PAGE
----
Posted by Brother Bob on 20 May, 2012 at 5:07 pm. 4 comments already!


Not long ago President Obama lit what Mark Steyn could have referred to as his latest exploding cigar. By now, you’re probably familiar with "Julia", the composite woman (not to be confused with the president’s composite girlfriends) who we learn lives a wonderful life with the comfort of cradle to grave assistance from the government, and how terrible her life would be as a result of a Romney presidency. Like manna from Heaven the conservatives had a field day with this one. The Romney campaign immediately fired off some tweets in response, we saw the Twittersphere light up with "#Im Not Julia" themed tweets, and of course, we saw a fair amount of ridicule in conservative publications and blogs.

We saw too may timeline parodies to list – PJ Media did a good job with their take. National Review’s Rich Lowry pointed out how condescending and insulting toward women the campaign is. Over at Flopping Aces Warren Beatty (the blogger, not the actor) submitted a guest post pointing out the dangers of becoming a society of Julias, which included a great comment below this story from FA contributor Skookum, who made an observation about the name choice that got a chuckle from every George Orwell fan who scrolled down to the comments.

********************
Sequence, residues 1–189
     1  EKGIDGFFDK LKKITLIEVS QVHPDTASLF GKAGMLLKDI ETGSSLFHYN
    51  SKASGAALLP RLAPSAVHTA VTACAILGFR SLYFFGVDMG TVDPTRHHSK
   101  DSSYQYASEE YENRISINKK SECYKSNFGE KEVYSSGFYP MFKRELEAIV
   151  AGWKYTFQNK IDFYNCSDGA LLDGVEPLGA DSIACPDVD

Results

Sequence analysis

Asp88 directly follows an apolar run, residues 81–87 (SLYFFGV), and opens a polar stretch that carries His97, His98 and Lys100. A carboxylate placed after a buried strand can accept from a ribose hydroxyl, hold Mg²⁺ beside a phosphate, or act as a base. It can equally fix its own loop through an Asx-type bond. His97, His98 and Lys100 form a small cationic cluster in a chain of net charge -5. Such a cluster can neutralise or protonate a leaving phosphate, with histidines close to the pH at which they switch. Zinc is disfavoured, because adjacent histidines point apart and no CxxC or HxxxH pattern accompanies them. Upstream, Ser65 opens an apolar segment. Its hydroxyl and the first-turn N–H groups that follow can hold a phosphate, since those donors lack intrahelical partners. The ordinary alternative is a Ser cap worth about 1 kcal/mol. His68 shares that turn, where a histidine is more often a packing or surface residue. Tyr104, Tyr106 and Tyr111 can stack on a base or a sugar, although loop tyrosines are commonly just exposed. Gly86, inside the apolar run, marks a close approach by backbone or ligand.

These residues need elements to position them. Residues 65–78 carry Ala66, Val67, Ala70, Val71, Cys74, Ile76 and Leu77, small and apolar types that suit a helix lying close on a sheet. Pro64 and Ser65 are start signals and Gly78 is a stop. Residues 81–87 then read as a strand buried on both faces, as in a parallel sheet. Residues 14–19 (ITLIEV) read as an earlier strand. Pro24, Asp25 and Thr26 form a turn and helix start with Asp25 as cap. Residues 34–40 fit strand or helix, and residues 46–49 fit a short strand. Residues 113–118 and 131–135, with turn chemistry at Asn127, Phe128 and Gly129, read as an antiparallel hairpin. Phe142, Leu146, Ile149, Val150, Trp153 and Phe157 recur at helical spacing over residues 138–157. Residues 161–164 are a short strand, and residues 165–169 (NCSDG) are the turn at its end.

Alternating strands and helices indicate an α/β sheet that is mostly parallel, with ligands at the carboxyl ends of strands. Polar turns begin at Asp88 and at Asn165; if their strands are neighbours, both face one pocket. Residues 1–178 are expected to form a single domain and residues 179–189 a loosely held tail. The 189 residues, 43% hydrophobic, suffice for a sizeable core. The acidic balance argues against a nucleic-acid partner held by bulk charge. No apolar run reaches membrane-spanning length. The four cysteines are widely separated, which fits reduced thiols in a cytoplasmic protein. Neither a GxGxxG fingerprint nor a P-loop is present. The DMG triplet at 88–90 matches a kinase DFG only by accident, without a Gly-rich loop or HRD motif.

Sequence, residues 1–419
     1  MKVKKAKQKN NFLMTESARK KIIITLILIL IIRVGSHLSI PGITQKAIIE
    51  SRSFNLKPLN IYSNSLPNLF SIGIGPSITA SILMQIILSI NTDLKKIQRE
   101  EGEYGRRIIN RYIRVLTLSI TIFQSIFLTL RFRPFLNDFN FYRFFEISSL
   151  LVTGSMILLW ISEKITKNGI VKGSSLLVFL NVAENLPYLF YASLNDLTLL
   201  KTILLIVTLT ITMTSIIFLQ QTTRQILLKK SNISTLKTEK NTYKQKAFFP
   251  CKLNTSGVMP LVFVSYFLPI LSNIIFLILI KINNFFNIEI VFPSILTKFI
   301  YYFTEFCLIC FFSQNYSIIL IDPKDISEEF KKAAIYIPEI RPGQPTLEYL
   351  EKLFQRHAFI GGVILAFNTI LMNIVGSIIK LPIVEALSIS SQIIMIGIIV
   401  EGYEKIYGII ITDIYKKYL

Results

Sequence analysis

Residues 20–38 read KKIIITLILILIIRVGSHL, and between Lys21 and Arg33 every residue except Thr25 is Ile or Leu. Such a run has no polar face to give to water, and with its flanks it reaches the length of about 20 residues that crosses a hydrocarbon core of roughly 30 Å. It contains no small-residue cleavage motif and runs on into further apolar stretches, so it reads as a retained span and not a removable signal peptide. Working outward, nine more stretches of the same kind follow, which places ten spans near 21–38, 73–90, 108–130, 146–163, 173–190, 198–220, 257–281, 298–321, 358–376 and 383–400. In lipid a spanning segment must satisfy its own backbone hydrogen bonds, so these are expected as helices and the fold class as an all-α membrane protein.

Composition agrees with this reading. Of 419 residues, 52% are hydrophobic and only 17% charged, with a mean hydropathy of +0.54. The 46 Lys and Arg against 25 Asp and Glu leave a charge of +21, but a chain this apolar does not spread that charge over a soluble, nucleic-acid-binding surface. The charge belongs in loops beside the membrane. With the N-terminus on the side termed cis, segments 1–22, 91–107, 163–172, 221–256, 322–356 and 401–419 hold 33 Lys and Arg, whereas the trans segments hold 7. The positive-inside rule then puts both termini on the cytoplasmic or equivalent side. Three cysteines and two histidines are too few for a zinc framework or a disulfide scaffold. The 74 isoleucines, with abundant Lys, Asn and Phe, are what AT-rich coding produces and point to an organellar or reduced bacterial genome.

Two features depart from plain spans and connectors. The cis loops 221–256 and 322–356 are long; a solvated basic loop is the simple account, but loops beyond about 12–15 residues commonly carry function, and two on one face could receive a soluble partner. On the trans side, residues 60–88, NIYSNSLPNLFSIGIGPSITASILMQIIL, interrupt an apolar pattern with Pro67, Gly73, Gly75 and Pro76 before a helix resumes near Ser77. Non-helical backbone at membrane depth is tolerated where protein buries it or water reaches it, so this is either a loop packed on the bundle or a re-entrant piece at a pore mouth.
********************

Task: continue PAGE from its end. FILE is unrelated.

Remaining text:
When the Julia story broke I was ready to throw in my two cents, but as my faithful readers know I don’t write on a topic that someone who’s a better writer than me has already written. I was thinking of putting together another parody timeline that was completely empty showing how Julia’s life would have been had her mother chosen to terminate her with a government funded abortion, but too many other timeline mockups are already out there.

The above mentioned Warren Beatty stole a lot of my thunder, but thankfully for me he stopped short of a very disturbing conclusion in the motivation behind this ad campaign. First, I have two sidebars to help illustrate my point.

In a recent episode of Castle, Nathan Fillion’s character (Yes, THAT Nathan Fillion for all of the Firefly geeks out there) has a pretty close relationship with his soon to be college aged student daughter. One of their bonding activities is chasing each other around their home playing laser tag. In this episode the daughter didn’t want to play, saying ""I think it’s time to holster the laser guns and be adults". This gave her middle aged father a moment of painful introspection after getting a lesson on maturity from his teenaged daughter.